“While the board are currently thinking a national strike would last for two months, I believe it could well be longer,” he wrote to Mrs Thatcher.
“If Scargill succeeds in bringing about such a strike we must do everything in our power to defeat him, including ensuring that the strike results in widespread closures.”
Invasion that tested the special relationship
The Thatcher-Reagan relationship was a tense one (AP)
It was the moment the fabled partnership between Margaret Thatcher and Ronald Reagan almost hit the rocks.
The US invasion of Grenada in 1983 came as a bitter shock to the Prime Minister, who was appalled at the military intervention in a Commonwealth state. .
The crisis erupted when what Reagan referred to as “leftist thugs” assassinated elected prime minister, Maurice Bishop and seized control.
At 7.15pm on October 24, Downing Street received a cable from Reagan saying he was giving “serious consideration” to an Organisation of Eastern Caribbean States request to intervene and asking for Thatcher’s “thoughts and advice”. She was composing a reply when, at 11pm, a second telegram appeared saying the President had decided to “respond positively”. Alarmed, she summoned Foreign Secretary Sir Geoffrey Howe and Defence Secretary Michael Heseltine for consultations before expressing her “gravest concern”. Her telegram said: “This action will be seen as intervention by a western democratic country in the internal affairs of a small independent nation... I cannot conceal that I am deeply disturbed by your latest communication. You asked for my advice. I have set it out and hope that even at this late stage you will take it into account.”
She then made a brief call at 12.15am on a secure line urging Reagan to consider her telegram “very carefully indeed”. As news filtered through of the landings, Reagan sent a further telegram explaining a delegation from Cuba had been seen on the island.
Thatcher’s embarrassment was compounded as only the day before Sir Geoffrey had told the Commons the Government had no reason to think US intervention was likely.
That evening the President rang her to try to patch up their differences. He “very much regretted the embarrassment” but explained he had been forced to move quickly for fear news of the invasion would leak.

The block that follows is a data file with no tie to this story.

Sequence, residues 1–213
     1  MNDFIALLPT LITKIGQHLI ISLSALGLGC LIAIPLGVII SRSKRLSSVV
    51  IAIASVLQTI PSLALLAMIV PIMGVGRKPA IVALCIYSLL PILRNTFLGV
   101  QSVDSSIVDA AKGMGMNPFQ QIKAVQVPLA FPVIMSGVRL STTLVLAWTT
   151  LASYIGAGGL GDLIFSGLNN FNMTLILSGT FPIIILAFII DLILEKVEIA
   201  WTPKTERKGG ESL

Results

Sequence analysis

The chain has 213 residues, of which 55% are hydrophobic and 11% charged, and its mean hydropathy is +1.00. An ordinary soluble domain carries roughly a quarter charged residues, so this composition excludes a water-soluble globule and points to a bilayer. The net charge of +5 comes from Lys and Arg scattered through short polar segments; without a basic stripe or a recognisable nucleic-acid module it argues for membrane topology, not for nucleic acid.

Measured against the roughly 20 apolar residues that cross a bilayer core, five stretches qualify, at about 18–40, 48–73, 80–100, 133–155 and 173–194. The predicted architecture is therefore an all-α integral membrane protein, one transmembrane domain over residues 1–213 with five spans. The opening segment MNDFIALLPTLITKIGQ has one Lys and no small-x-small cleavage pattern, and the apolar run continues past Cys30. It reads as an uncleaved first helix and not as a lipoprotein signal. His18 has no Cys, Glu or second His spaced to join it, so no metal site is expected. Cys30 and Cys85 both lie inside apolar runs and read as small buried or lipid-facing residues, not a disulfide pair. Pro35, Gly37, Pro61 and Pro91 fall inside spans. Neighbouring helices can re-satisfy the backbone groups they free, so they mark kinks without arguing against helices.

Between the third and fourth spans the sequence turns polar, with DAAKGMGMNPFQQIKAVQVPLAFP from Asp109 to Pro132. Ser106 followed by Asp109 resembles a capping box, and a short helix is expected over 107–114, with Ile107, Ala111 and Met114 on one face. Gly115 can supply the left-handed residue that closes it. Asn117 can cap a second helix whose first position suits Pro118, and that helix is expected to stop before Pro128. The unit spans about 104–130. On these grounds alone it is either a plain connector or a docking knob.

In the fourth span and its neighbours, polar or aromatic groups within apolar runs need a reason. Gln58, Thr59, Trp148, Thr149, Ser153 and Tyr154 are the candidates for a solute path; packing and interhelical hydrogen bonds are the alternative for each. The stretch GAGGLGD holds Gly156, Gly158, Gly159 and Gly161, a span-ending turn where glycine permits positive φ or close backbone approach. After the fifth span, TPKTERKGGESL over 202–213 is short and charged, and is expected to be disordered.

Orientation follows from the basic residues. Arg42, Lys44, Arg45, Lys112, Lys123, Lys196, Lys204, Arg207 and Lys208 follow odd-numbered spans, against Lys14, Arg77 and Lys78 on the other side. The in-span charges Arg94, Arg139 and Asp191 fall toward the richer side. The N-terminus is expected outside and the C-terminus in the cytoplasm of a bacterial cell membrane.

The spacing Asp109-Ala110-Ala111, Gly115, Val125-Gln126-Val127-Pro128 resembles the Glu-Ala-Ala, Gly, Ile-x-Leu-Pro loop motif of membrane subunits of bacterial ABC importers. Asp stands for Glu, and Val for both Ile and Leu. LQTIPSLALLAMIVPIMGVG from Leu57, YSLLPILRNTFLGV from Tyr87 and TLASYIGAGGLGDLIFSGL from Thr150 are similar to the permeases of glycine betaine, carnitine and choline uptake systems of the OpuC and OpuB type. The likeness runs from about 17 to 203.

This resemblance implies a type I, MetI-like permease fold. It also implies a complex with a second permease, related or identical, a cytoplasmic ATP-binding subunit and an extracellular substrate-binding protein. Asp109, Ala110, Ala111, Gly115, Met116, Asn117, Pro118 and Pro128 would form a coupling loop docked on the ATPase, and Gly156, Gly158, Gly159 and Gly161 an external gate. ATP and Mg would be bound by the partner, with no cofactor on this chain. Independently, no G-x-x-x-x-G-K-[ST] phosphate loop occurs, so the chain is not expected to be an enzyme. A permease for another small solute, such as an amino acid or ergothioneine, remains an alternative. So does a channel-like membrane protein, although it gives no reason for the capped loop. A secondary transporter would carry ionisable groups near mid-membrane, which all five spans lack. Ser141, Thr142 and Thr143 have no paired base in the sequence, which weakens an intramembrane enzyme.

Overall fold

Mrs Thatcher appeared to have received his explanation with icy disdain, barely speaking during the 15-minute conversation.
The row cast something of a pall over their close relationship. Nevertheless, files suggest she still had the President’s ear at times of crisis. The day before the Grenada invasion, almost 300 US and French personnel were killed by suicide truck bombers in Lebanon.
The next month Thatcher was able to dissuade Reagan from “retaliatory action”. She wrote: “In such circumstances leaders find themselves in a lonely position and I want to let you have my frank views as someone who has been in a similar situation.”
‘Greenham women? They are all eccentric’
The peace camp at the Greenham Common airbase (Getty)
Margaret Thatcher dismissed the Greenham Common peace women as an “eccentricity”.
The women’s peace camp, which was set up outside the Berkshire air base following the decision to deploy US nuclear cruise missiles there, became an abiding feature of the 1980s.
But the Prime Minister was adamant she would not be deterred by their activities.
A No 10 note of a meeting with US Vice President George Bush Sr in June 1983, five months before the first missiles arrived, reported: “The Prime Minister said they had become an eccentricity. Their activities had been inflamed by the media. They were very unpopular in the area of Greenham Common because of the disruption caused to normal life.
“She had no doubt that when the time came to deploy cruise there would be further problems but these would have to be surmounted.”
Bring me back a fertile panda
Deng Xiaoping and Margaret Thatcher in Beijing in 1982 (Getty)
A plea for a fertile female giant panda plus crib notes titled “A Hasty Guide To The History of China” were part of Margaret Thatcher’s preparations to visit China in 1982.
Cabinet Secretary Robert Armstrong jotted down a reminder that London Zoo would quite like to get a fertile female giant panda from her trip in September 1982.
He recalled that a pair of giant pandas had been presented to former Prime Minister Edward Heath during his visit eight years earlier. “Unfortunately, the female is highly unlikely ever to breed” but the male has “proved his fertility”, he noted.